Cargill has announced that it is to cut up to 2,000 jobs – around 1.5% of its workforce. The Minnesota-based company cited the continuing weak global economy as the reason for its decision.
Over the weekend, Cargill said it would reduce its 138,000 workforce over the next six months. The reduction in force will not be applied evenly across the company, with cuts being greater in Cargill’s poorer-performing businesses.
“As economic conditions change, so must we,” said Mike Fernandez, corporate vice president of Cargill Corporate Affairs. “These are difficult decisions but are necessary to better position the company for continued growth.” The company had previously (quarter ended August 2011) reported earnings down by 66%, noting the impact of economic uncertainty and the volatility of commodity markets.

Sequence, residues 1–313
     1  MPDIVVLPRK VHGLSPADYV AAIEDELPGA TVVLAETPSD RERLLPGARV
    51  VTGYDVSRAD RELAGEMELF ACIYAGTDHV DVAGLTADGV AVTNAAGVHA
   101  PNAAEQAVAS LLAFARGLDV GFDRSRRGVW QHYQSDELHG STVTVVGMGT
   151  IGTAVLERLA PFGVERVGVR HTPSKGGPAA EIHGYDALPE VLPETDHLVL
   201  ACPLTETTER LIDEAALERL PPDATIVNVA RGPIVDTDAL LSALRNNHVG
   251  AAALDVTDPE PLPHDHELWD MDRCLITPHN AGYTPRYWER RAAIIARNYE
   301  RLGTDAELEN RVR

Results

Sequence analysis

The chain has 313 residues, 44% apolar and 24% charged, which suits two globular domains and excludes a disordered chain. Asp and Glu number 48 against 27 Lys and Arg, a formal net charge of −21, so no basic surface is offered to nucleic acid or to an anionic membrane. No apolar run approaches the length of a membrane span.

Of the announcement the Financial Times said, “It is too early to say whether Cargill’s bearishness is justified. But it is worth noting that Cargill is a privately-owned company – still controlled by the MacMillan and Cargill families, descendants of the founders who set up the group in 1865 – so it does not feel obliged to put as brave a face on in a bad economic environment as its publicly-listed rivals.”
Cargill has for some time been publicly voicing its concerns about the worldwide economic situation. Analysts point out that the diverse nature of Cargill’s commodity trading business gives it an unusually acute insight into a variety of world markets – again, reinforcing the credibility of its public pronouncements. Other commodity traders have been more bullish.